Darinda first gently brushed much of the exfoliant off, then applied warm, wet towels, wiping my skin clean. She applied the towels in long strokes, which made me feel like I was in a shroud. Anti-oxidant repair oil was applied to my whole body, and the damp heat readied me for the next step, the massage.
Darinda again followed what I had requested, working especially on my shoulders, arms, and legs. Her hands and forearms worked in unison to hit just the right spots, and when she finished with each section, she draped a hot towel over it, which seemed to trap the good feeling.
Additionally, I was impressed with several parts of the treatment and the equipment. The table was comfortable, which some might think would be a given, but there seems to be a new trend toward high-tech tables that are contoured and shaped to fit the body, some of them with tapered sides so your arms can hang down to rest on a level below. I’ve come across one recently that had a cutout in the table for your face as opposed to the standard cradle that is added and removed as appropriate. Call me old-fashioned ...
At the Poseidon, the table was wide so my arms could easily rest at my sides, and it was covered with thick, soft sheets that let me snuggle in and stay warm. Thus, when Darinda wanted to work on my arms or move me to the side to stretch my neck, I didn’t feel like I had to hang on to avoid feeling like I was falling off. I really appreciated how Darinda used her forearms to cradle my neck, and then a rolled towel, to take me through a series of neck stretches.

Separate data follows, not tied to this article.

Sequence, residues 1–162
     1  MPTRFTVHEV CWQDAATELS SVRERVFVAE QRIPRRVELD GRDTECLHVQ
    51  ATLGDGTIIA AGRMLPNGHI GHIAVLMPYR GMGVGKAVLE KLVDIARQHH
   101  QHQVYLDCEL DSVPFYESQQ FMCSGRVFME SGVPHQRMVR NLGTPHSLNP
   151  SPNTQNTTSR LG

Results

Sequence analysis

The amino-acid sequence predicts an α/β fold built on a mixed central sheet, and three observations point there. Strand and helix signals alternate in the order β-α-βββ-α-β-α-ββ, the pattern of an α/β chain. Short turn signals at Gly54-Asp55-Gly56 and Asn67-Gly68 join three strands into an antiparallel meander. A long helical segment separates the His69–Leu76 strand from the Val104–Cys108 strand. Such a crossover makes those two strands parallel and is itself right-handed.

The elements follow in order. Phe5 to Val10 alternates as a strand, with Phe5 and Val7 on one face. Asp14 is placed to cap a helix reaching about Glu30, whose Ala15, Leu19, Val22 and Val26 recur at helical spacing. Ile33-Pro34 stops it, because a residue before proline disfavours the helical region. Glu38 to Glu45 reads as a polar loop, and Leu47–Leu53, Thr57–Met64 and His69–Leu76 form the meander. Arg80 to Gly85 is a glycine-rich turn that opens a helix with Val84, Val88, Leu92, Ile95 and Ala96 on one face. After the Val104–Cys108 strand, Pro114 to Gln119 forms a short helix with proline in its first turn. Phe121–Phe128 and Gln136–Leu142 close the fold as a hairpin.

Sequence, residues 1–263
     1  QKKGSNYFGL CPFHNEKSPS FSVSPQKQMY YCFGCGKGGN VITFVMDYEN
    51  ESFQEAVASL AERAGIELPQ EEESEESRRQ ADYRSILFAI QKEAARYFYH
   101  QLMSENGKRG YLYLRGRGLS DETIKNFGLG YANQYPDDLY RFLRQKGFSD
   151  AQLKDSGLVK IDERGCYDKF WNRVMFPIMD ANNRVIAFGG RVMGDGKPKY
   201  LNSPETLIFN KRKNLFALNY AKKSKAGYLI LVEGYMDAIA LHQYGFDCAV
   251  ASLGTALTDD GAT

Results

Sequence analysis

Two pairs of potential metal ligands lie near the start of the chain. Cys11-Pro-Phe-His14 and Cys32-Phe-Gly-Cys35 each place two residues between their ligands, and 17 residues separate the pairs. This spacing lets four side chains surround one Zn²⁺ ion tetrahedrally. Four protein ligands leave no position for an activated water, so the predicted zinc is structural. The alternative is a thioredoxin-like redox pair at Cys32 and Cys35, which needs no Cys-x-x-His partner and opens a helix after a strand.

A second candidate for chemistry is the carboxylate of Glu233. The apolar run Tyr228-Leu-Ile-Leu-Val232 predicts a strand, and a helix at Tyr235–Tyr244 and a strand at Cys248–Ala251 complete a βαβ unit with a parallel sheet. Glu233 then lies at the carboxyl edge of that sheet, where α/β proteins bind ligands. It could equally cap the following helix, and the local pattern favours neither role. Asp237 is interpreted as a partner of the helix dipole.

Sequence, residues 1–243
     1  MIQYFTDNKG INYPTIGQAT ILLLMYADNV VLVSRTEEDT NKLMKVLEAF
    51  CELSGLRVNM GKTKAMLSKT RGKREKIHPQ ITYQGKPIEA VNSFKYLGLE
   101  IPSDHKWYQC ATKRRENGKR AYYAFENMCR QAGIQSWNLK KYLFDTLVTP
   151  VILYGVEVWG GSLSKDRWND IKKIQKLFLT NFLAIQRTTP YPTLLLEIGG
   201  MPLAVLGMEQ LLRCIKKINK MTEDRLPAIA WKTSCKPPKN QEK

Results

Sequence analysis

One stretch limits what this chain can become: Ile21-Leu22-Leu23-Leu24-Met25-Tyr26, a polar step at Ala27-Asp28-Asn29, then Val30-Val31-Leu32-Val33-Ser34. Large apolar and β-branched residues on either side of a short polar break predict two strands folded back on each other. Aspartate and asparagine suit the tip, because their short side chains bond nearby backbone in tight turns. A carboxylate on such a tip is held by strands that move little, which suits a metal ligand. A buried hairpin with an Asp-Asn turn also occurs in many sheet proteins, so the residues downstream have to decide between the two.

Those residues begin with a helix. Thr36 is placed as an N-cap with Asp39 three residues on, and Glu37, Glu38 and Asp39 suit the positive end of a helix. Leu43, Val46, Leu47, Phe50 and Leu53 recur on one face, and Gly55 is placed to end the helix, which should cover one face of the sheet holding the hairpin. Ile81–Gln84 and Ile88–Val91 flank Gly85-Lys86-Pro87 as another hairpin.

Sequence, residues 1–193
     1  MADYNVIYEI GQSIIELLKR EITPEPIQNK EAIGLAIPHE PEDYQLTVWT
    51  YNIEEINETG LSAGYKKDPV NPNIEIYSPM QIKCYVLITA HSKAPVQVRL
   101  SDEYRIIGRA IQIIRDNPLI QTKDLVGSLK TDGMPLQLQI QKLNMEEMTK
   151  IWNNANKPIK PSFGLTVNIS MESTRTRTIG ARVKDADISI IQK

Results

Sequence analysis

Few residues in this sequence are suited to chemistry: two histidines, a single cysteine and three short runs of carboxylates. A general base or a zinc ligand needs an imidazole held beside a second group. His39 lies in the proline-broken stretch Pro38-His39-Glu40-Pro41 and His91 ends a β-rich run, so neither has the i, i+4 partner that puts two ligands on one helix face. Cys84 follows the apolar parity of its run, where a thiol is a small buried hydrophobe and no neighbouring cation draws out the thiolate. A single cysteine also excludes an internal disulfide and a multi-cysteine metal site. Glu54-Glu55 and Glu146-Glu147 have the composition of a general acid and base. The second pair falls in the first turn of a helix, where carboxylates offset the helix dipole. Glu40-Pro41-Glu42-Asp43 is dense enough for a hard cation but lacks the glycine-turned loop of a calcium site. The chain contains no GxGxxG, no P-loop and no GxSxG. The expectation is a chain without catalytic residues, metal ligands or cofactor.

The acupressure facial followed by an energetic scalp massage was a great way to finish up. Her fingers addressed pressure points on my face. She applied Matrixyl 3000, an anti-aging cream that holds three times its weight in water and helps the skin retain moisture.
While the cream soaked my face, Darinda began to massage my scalp in what the spa calls a “shampooing” motion. If my head had been a carpet and she was trying to remove a wine stain, I could have bought the analogy. Nevertheless, the result was splendid. Her fingers firmly worked pressure points on my head, and to finish flew wildly through my hair, and all I could imagine was it had to make me look like Albert Einstein – is static electricity part of the treatment?
Anti-aging? I’m not sure how many years (or hours) the treatment knocked off my looks, but as to my attitude – I left feeling wonderful – spa hair and all.
Much like what Fletcher experienced, my take on the couples’ treatment is that the Poseidon Spa hit all the things I love and did so in one amazing treatment: a good facial, a relaxing massage, a medium-pressure exfoliation using a dry brush, a great scalp rub and foot rub, plus massage and hot stones to boot. I'm in heaven.
Says Spa Director Fisher, "This is definitely our signature treatment for this property as far as being able to incorporate as much of the body as we can in all therapies. This one really is all encompassing."
Poseidon Spa proves the adage: Good things come in small packages. Or, as we can attest: Don’t judge a spa by its size.
My Rebalancing Ritual began with therapist Daniel McCurry mentally preparing me - Darinda did the same for Fletcher - with a nice, deep inhalation of Privai oil.
After checking with me on room temperature and the music level, he started out by performing a dry scrub on my feet using silk polishing powder blended with Privai oil (clay, silk powder, rose oil and ylang ylang were the combination). And to think, I’d been worried about the Kiawah Island sand on my feet from my flip-flops. Thanks to Daniel, not a problem. Following the foot scrub, he applied a relaxing hot towel to clean off those tootsies.